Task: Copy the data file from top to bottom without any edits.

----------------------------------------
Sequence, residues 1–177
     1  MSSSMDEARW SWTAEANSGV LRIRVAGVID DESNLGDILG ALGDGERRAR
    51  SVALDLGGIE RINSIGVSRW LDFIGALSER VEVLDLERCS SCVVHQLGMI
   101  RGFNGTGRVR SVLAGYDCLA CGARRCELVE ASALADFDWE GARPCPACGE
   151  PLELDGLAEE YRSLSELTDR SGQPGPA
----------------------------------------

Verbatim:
Sequence, residues 1–177
     1  MSSSMDEARW SWTAEANSGV LRIRVAGVID DESNLGDILG ALGDGERRAR
    51  SVALDLGGIE RINSIGVSRW LDFIGALSER VEVLDLERCS SCVVHQLGMI
   101  RGFNGTGRVR SVLAGYDCLA CGARRCELVE ASALADFDWE GARPCPACGE
   151  PLELDGLAEE YRSLSELTDR SGQPGPA